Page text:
Purchased from the artist by Arthur Norman – private collector and trustee of National Gallery of Australia
Bequeathed to Elizabeth Menhennitts (nee Norman) who bequeathed the panel to her husband Mr Justice Menhennitts, a well known collector. On loan to the McClelland Gallery, Frankston, Victoria.
Mr Justice Menhennitts bequeathed the panel to his brothers in law, Warwick and Phillip Norman, sons of the original owner.
Mr Warwick Norman – private collection
Ms Anne Galbally, noted historian and author of “Arthur Streeton”, Lansdowne Press, Melbourne 1969 speculated that the panel was exhibited in Melbourne c.1908 and was possibly known as Sunny Shore, Sirius Cove Arthur Streeton, Catalogue No. 34.
Purchased from Edwards Rushton Paintings Pty Ltd, 1986
Private Collection, Sydney
Arthur Streeton and the Australian Coast December 2004 – March 2005,
Sotheby’s, Fine Australian Paintings, Melbourne, 26/04/1992, Lot No. 338
Private Collection, Melbourne
The Artists’ Camps: Plein Air Painting in Melbourne 1885-1898′, Monash University Gallery, Melbourne 1984, Cat. No. 64
“Streeton was living in London in 1898 but evidence suggests that he painted Australian scenes while there. In a letter to Tom Roberts dated 22 June 1899 he refers to a painting called Australian Recollections, ‘painted here during the long winter to cheer me a bit’”.
Reference: Topliss, Helen, ‘The Artists’ Camps: Plein Air Painting in Melbourne 1885-1898′, Monash University Gallery, Melbourne 1984, Cat. No. 64, illustrated as ‘At Heidelberg’ Galbally, Ann & Gray, Anne (Eds.) ‘Letters from Smike’, Oxford University Press, Melbourne, 1989 p. 80.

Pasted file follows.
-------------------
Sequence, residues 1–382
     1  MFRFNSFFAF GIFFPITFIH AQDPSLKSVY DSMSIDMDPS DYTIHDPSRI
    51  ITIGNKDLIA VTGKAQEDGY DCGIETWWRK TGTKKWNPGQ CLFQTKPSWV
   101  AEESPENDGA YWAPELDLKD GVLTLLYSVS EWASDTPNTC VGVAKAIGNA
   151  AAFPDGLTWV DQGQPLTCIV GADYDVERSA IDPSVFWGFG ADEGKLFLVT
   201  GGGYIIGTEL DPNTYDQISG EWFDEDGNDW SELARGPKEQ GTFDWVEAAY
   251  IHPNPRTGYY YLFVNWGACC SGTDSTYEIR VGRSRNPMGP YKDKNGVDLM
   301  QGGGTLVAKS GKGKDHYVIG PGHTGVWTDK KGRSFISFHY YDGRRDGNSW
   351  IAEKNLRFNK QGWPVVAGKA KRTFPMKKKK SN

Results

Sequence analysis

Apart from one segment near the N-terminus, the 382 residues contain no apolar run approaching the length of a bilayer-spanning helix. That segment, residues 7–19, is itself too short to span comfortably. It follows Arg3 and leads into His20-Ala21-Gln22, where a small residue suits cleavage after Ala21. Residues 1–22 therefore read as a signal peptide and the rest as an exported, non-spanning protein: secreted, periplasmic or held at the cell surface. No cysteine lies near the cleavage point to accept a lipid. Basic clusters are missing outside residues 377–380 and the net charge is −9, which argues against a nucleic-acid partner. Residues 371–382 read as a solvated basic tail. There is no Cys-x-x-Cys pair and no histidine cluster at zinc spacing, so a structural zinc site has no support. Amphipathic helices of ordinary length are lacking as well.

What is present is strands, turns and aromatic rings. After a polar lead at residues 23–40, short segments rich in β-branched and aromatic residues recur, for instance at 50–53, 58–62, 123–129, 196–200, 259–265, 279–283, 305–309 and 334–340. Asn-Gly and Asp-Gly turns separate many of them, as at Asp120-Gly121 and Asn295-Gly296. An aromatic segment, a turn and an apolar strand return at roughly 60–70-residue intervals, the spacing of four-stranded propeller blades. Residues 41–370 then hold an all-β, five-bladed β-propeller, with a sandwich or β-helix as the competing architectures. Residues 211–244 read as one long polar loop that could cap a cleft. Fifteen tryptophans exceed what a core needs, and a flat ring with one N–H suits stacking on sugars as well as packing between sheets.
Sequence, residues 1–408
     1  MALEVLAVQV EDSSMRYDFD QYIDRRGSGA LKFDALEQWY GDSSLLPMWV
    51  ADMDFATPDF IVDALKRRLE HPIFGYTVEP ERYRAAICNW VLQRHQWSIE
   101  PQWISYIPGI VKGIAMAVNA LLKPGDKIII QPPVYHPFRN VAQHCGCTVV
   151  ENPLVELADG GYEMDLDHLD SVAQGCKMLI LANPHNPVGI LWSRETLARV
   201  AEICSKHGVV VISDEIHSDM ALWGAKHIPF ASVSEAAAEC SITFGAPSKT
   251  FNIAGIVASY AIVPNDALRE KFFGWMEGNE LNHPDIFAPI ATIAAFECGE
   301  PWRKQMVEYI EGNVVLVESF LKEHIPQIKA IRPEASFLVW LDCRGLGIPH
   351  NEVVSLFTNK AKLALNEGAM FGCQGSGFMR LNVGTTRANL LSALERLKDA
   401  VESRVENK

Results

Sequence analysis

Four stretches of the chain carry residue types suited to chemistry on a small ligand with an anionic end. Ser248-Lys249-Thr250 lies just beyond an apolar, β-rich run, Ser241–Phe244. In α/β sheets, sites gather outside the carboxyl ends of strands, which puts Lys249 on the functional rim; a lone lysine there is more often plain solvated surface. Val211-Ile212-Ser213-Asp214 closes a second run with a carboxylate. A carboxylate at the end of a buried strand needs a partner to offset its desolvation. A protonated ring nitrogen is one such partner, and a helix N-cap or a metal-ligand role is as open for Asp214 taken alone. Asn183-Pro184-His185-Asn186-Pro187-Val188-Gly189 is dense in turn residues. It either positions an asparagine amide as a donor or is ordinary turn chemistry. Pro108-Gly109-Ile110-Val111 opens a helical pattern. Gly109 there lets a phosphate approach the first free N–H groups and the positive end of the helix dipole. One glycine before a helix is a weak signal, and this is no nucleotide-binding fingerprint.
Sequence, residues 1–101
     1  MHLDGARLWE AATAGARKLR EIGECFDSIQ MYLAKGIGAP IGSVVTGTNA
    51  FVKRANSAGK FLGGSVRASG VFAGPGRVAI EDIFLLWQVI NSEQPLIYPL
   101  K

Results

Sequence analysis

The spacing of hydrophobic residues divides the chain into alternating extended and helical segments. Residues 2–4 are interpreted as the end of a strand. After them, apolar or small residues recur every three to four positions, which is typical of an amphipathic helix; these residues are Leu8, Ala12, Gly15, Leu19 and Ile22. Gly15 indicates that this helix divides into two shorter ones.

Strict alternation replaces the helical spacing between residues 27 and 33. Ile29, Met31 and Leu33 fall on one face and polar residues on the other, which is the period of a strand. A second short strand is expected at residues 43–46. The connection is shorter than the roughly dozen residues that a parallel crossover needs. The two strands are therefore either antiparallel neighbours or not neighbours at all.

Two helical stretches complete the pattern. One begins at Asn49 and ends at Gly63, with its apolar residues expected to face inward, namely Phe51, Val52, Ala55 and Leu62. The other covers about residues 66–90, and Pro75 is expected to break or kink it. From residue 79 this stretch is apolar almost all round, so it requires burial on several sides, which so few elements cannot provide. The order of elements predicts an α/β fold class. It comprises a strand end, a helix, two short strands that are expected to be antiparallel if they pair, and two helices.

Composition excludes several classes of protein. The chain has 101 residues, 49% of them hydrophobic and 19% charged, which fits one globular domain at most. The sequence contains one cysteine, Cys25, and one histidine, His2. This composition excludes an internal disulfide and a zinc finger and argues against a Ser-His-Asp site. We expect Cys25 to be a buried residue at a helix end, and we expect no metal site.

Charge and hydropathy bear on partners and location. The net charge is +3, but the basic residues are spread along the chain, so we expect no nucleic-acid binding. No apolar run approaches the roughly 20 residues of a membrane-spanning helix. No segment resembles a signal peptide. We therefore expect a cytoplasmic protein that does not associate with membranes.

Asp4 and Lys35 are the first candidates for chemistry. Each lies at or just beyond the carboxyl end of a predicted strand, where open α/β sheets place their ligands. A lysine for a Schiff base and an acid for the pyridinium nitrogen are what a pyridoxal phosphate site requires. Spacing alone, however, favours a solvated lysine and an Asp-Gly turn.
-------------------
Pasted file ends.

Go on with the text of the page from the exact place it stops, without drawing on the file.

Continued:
North Shore Festival of Arts Historic Exhibition of Colonial and Sirius Cove Painters, Artlover’s Gallery 1963
The D.R. Sheumack Collection of Australian Paintings, S.H. Ervin Gallery 1983 (cat. 96)
A. Pearce, A Century of Australian Landscape: Mood and Moment, I.C.C.A., Peking, Shanghai and Canton 1983 (cat. 22)
Golden Summers: Heidelberg and Beyond, National Gallery of Victoria, 1985
Art Gallery of New South Wales, Bohemians in the Bush, 1991 (cat. 77)
National Gallery of Victoria Travelling Exhibition, National Australian Tour, 1995-1996 (cat. 37)
National Gallery of Victoria, Australian Impressionism, 31 March – 8 July 2007
“This is Streeton at his best, painted long before any slickness or professionalism entered into his style. It’s typical ‘blue and gold’, with the deep expanse of water reflecting the sandstone cliffs of Sydney Harbour. The purple and mauve smoke, emanating from the ferry’s funnel, disperses to nothing in the hot summer sky. The impression has been captured before the moment fades.”
Donald Robert Sheumack, catalogue entry in The D. R. Sheumack Collection: Eighty Years of Australian Painting, compliled by Robyn Christie and Justin Miller, Sotheby’s Australia, 1988.
Panoramic View of Sydney Harbour and the City Skyline1894
oil on draper’s panel
15.5 x 70cm
The painting was a gift from Emily Cecilia Bowden-Smith to her husband Rear-Admiral Nathaniel Bowden-Smith, Commander in Chief of the Australian fleet 1892-1894, as a souvenir of their 2-year post in Sydney before returning to the UK. They lived on the harbour at Admiralty House.
Sotheby’s Fine Australian Paintings and Drawings auction, April 1986
Purchased from Trevor Bussell Fine Art Gallery, Sydney 1987
“Arthur Streeton and the Australian Coast December 2004 – March 2005”, Mornington Peninsula Regional Gallery
the verso with a pencilled inscription signed by the artist, accompanied by several small sketches that relate to its dedicatee (see below)
24 x 29.5cm
Private collection, Sydney
The pencilled inscription on the reverse reads:
‘To Fred Draper (the olde bird) as a slight unfinished memento of his friend, & trusting that he will be good & play plucky to the last. [signed] Arthur Streeton‘; immediately beneath this is a sketch of a billiard cue and cue rest, with a further inscription: ‘In off the red and cannon, play your own game “old burd” – Ha Ha!‘, followed by other sketches including music notation, a smoking pipe, a schnapps bottle and shot glasses, and a publican’s handbell; at the foot is written: ‘… mince or cold meat? Steak please‘.